Characterization of AA release in RAW 264.7 cells. A, RAW 264.7 cells were labeled with [3H]AA and assayed for AA release as indicated in Materials and Methods in the presence (closed symbols) or absence (open symbols) of 25 μg/ml poly-IC for the indicated periods of time. B, RAW 264.7 cells were labeled with [3H]AA and assayed for AA release in the presence (▪) or absence (□) of 25 μg/ml poly-IC for 2 h and in the absence or presence of the indicated concentrations of pyrrophenone. C, Homogenates from cells treated with poly-IC for different periods of time were subjected to immunoblot using Abs against phospho-cPLA2α and β-actin. Quantification of the cPLA2α bands is shown in the lower panel, normalized with respect to the β-actin content. D, Fluo-3-labeled cells were stimulated with 25 μg/ml poly-IC and fluorescence changes were recorded by microscopy. Insets, Pictures of the cells before (t = 0) and after (t = 60) application of poly-IC. Results are representative of three independent experiments.

FIGURE 1.

Characterization of AA release in RAW 264.7 cells. A, RAW 264.7 cells were labeled with [3H]AA and assayed for AA release as indicated in Materials and Methods in the presence (closed symbols) or absence (open symbols) of 25 μg/ml poly-IC for the indicated periods of time. B, RAW 264.7 cells were labeled with [3H]AA and assayed for AA release in the presence (▪) or absence (□) of 25 μg/ml poly-IC for 2 h and in the absence or presence of the indicated concentrations of pyrrophenone. C, Homogenates from cells treated with poly-IC for different periods of time were subjected to immunoblot using Abs against phospho-cPLA2α and β-actin. Quantification of the cPLA2α bands is shown in the lower panel, normalized with respect to the β-actin content. D, Fluo-3-labeled cells were stimulated with 25 μg/ml poly-IC and fluorescence changes were recorded by microscopy. Insets, Pictures of the cells before (t = 0) and after (t = 60) application of poly-IC. Results are representative of three independent experiments.

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cPLA2α has been described to regulate the induction of COX-2 expression in some cell systems (22, 23, 24), and COX-2 expression is known to be up-regulated by dsRNA in macrophages (38). Thus, we studied next whether cPLA2α is involved in COX-2 induction in the dsRNA-treated cells. To this end, RAW 264.7 macrophages were stimulated by poly-IC in the presence of pyrrophenone, and COX-2 expression was analyzed by immunoblot. Under these conditions, no effect of cPLA2α inhibition on COX-2 expression levels could be ascertained (Fig. 2,A). To further confirm this result, cPLA2α was knocked down by siRNA technology. This treatment strongly blunted cPLA2α expression levels, yet COX-2 expression was unaffected (Fig. 2,B). Collectively, these results indicate that COX-2 expression by dsRNA stimulation in RAW 264.7 macrophages is independent of cPLA2α. However, PGE2 production by dsRNA was blunted by both pyrrophenone and siRNA against COX-2, suggesting that cPLA2α and COX-2 act coordinately to generate PGE2 under these conditions (Fig. 2 C).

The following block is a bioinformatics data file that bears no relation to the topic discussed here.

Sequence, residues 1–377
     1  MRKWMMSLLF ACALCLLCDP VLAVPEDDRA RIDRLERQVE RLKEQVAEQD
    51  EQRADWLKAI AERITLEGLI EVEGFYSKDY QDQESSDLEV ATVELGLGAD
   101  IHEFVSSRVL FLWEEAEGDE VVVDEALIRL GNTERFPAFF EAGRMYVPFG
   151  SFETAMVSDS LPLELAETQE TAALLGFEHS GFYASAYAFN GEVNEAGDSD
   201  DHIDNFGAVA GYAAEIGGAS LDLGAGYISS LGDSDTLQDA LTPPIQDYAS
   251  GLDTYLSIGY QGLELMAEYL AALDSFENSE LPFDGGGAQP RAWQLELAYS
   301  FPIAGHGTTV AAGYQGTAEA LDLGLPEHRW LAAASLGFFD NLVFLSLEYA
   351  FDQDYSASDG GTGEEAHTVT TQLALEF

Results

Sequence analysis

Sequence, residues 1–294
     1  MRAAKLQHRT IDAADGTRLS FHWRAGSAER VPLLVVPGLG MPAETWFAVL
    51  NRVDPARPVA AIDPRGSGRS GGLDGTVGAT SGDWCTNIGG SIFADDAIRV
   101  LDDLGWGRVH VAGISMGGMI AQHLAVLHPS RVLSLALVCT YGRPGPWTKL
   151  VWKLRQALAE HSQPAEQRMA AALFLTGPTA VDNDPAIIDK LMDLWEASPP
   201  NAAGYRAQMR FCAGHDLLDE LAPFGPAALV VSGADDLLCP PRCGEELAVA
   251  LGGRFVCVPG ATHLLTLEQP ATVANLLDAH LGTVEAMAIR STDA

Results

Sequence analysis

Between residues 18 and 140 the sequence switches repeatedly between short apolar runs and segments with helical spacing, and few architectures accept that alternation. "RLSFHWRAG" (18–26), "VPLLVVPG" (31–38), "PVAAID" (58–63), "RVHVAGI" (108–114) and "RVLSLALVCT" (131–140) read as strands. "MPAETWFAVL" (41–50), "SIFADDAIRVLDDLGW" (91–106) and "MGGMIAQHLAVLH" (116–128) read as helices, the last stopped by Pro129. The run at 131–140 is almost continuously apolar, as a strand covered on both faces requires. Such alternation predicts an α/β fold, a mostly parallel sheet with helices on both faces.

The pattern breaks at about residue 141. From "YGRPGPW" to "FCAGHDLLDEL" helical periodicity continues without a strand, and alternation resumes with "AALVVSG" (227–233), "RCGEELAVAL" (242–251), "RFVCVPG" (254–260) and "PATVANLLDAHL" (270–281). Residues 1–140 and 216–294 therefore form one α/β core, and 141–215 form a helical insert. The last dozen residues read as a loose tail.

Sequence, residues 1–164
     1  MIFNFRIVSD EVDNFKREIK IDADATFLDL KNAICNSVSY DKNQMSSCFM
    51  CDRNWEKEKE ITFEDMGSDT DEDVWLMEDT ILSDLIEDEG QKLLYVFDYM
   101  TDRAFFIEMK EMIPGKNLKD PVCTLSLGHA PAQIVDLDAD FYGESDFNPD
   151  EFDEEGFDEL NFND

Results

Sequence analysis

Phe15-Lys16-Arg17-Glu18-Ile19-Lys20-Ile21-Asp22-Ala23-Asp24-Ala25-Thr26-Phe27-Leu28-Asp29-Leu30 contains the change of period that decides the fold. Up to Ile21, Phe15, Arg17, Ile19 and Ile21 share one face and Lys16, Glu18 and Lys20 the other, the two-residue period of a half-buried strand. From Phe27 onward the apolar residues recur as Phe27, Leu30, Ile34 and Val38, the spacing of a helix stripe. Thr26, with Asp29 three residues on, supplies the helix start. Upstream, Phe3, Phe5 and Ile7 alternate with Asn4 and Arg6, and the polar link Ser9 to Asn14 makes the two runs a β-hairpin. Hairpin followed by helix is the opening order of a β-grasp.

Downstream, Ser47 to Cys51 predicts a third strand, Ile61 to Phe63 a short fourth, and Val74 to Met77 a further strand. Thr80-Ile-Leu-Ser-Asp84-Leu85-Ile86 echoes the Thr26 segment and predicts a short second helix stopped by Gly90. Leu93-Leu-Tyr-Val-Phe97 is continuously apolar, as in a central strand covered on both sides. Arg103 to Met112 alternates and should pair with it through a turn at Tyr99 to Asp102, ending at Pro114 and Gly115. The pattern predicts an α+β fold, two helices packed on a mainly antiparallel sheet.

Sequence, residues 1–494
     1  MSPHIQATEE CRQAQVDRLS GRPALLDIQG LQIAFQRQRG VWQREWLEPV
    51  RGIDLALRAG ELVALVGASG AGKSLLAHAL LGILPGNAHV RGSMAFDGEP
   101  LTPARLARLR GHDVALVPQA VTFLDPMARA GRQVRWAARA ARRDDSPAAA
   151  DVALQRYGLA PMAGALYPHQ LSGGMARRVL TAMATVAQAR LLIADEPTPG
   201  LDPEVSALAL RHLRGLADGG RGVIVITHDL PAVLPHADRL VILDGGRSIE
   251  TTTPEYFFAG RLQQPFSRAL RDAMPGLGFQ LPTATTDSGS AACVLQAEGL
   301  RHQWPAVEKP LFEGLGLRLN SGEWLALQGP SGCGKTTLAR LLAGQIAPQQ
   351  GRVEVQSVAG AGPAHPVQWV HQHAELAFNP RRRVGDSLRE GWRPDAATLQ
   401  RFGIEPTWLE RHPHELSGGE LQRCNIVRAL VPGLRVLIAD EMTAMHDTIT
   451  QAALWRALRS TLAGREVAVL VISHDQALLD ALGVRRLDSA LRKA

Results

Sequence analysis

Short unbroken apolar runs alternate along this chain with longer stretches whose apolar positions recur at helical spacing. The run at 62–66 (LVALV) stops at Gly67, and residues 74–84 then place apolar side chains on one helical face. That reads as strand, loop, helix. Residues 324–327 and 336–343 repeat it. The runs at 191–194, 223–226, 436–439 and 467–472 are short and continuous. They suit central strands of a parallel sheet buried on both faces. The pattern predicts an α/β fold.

FIGURE 2.

Induction of COX-2 by dsRNA does not depend on cPLA2α activation. A, Homogenates from RAW 264.7 cells were treated with or without 25 μg/ml poly-IC for 18 h in the presence or absence of pyrrophenone and analyzed by immunoblot using Abs against COX-2. Actin was used as a control for loading. B, Control cells or cells transfected with 20 nM siRNA against cPLA2α for 48 h were stimulated with 25 μg/ml poly-IC for 18 h, and homogenates were analyzed by immunoblot with Abs against cPLA2α, COX-2, or actin as a loading control. C, PGE2 quantification by ELISA. Control cells or cells pretreated with 1 μM pyrrophenone for 30 min, or transfected with 20 nM siRNA against COX-2, were incubated with (▪) or without (□) 25 μg/ml poly-IC for 18 h. The results are shown as means ± SEM of three independent determinations.

FIGURE 2.

Induction of COX-2 by dsRNA does not depend on cPLA2α activation. A, Homogenates from RAW 264.7 cells were treated with or without 25 μg/ml poly-IC for 18 h in the presence or absence of pyrrophenone and analyzed by immunoblot using Abs against COX-2. Actin was used as a control for loading. B, Control cells or cells transfected with 20 nM siRNA against cPLA2α for 48 h were stimulated with 25 μg/ml poly-IC for 18 h, and homogenates were analyzed by immunoblot with Abs against cPLA2α, COX-2, or actin as a loading control. C, PGE2 quantification by ELISA. Control cells or cells pretreated with 1 μM pyrrophenone for 30 min, or transfected with 20 nM siRNA against COX-2, were incubated with (▪) or without (□) 25 μg/ml poly-IC for 18 h. The results are shown as means ± SEM of three independent determinations.